Wednesday, October 3, 2007

Gandhigiri is Irrelevant for ‘GenNext’*

Gandhigiri is a sobriquet popularized by the movie Lage Raho Munna Bhai for the application of some of Gandhi’s principles. Although Gandhism is a much broader ideology, Gandhigiri touches the core of Gandhism: adherence to the path of Truth and non-violence with unwavering faith and utmost devotion while fighting for a cause. But, real life as we often realize, is not as rosy as Bollywood would like us to believe.

So the question boils down to if Gandhigiri is relevant to people like you and I. Can we follow it?

Relevance means ‘related to the matter at hand’. So, is Gandhigiri related to GenNext (the matter at hand), by what it means now, and not by what it should mean? And what does it mean? This term, coined by a cola advertisement and picked up by the mass media thereafter, is not another word for the youth. No. That would be a crass generalization. It is actually an epithet for those among the youth who have an urban lifestyle, like you and I, the ‘cool and modern’ us - a massive potential market for the cola company concerned. GenNext is an idea which promotes self-indulgence. It tells us, have a ‘cool drink’ and not worry about the obviously overcharged prices and the obviously high amount of calories, not to mention the pesticides; because it’s ‘cool’ man! Don’t worry about the future. Here is Now!

This ‘living in the present’ or ‘being practical’ philosophy, as we fancifully put it, is the essence of our GenNext. We are proud of it and flaunt it at every opportunity. Hey, I’m not being judgmental here. I’ve been there, done it. After standing in a queue for 3hrs for my driver’s license (I didn’t get it done by an agent, just to make a point), when I finally reached the counter, the official claimed it was lunch and I should come back the next day. Of course, he did mention – and not too discreetly at that - that a 100 rupee note would be a winning argument for his grumbling tummy. Without undue hesitation, I paid it. So much for the ‘point’ I was trying to make.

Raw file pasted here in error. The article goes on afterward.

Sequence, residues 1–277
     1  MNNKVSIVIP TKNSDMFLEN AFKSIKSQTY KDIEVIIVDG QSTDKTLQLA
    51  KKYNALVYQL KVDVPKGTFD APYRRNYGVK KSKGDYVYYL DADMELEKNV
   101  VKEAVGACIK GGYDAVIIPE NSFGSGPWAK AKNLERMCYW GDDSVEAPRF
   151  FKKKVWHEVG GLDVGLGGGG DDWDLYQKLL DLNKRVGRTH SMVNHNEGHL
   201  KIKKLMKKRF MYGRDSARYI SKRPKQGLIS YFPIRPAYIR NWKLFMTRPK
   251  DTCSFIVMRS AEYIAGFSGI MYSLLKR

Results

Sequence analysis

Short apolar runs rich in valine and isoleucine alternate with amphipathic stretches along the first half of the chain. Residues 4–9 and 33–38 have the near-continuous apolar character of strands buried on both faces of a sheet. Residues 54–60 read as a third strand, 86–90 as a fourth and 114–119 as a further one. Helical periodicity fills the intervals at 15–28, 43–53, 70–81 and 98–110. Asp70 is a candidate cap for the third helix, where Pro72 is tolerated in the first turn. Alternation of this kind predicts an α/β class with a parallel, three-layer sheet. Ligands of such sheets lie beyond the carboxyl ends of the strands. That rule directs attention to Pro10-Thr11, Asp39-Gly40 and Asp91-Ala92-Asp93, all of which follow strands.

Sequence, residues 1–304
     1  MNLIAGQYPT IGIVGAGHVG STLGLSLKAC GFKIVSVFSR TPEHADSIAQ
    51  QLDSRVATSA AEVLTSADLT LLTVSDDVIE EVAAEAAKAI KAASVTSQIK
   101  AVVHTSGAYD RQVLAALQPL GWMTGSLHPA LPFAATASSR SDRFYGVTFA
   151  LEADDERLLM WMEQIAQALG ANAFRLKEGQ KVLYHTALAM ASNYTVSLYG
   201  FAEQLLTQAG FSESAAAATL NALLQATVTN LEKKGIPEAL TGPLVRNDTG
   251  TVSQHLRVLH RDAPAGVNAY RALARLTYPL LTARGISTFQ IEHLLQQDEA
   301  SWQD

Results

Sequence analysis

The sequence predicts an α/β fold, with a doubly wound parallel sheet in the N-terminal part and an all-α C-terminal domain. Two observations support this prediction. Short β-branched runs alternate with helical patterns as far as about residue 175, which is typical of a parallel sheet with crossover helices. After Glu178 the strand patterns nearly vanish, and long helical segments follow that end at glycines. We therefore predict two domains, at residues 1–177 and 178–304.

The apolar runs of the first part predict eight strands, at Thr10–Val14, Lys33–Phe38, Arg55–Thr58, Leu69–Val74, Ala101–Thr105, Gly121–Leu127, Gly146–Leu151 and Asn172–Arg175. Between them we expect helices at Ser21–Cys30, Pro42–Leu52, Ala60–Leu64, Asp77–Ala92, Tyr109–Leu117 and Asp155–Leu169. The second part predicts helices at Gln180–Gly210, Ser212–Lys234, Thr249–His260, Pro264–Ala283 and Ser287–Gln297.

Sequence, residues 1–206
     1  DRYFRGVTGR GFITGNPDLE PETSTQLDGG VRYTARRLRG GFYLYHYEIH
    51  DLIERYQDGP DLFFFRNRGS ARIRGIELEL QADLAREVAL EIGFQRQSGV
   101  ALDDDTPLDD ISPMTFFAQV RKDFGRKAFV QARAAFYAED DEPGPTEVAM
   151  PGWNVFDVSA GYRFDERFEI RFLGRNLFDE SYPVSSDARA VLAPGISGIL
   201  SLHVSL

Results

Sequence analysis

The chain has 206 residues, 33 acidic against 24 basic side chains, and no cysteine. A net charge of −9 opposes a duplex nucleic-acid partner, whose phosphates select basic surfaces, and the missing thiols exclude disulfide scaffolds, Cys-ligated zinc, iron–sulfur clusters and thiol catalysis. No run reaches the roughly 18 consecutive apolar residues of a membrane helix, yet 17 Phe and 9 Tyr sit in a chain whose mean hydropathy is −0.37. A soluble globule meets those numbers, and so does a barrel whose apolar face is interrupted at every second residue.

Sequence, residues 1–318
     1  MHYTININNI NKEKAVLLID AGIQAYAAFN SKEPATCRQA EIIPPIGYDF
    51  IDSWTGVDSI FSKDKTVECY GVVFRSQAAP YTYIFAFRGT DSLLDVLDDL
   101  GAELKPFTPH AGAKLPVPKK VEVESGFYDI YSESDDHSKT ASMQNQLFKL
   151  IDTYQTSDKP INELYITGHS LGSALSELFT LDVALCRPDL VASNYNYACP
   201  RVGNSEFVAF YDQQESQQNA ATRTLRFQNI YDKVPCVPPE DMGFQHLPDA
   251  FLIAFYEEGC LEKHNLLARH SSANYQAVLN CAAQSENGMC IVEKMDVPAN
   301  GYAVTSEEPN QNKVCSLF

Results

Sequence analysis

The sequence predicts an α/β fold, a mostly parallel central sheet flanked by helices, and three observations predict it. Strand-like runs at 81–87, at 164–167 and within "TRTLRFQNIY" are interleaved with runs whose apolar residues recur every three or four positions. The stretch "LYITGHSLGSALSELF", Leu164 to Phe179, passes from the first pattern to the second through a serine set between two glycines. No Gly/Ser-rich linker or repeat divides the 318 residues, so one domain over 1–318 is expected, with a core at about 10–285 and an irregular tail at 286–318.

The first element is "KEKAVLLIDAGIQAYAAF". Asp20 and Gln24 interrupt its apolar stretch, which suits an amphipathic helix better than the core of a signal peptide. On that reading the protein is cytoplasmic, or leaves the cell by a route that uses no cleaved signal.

It is not about following the ‘right path’. It is about how disillusioned we are by the system. We lack the faith to go up to a cop nearby to get you justice as it will probably have the sole consequence of losing our place in a queue full of people willing to dish out the extra cash. How many of us will do the right thing, no matter what?

The application of Gandhi’s principles involves great self-discipline, patience, perseverance and above all the faith that inspite of disappointments along the way, success will eventually come our way. These are some principles the GenNext uses, but only as and when it suits its convenience.

Another point to consider is how Gandhigiri as a means of protest works only if the oppressor has a conscience. When Munna offers the other cheek on being slapped, he is promptly smacked again. Similarly, Mr. Chedi Lal of Lucknow, was thrown out of the office when he aped the ‘stripping solution’ to get his pension released. A decadent society leaves doubt in the efficacy of following methods like Gandhigiri which are a function of the moral certitudes of the people.

Hence, Success is hardly assured by Gandhigiri. And we, as GenNext, cannot just be content with feeling good about the ‘right path’ we followed. The means is not the end for us. We want our results. And in quick time too, especially in this world of cut-throat competition.

Gandhi said –

"True happiness comes when what you think, say and do are in harmony"

We are quite able at thinking, debating about Gandhigiri, but when it comes to practicing it, we fall short. Not because we lack the tenacity, but because Gandhi’s principles are irreconcilable with our ideas of pragmatism and our own lack of faith in society’s conscientiousness. Maybe we are missing out on ‘true happiness’, but that is a totally different question.

*This was the topic given in a debating competition held in DCE last year. I was speaking for the motion.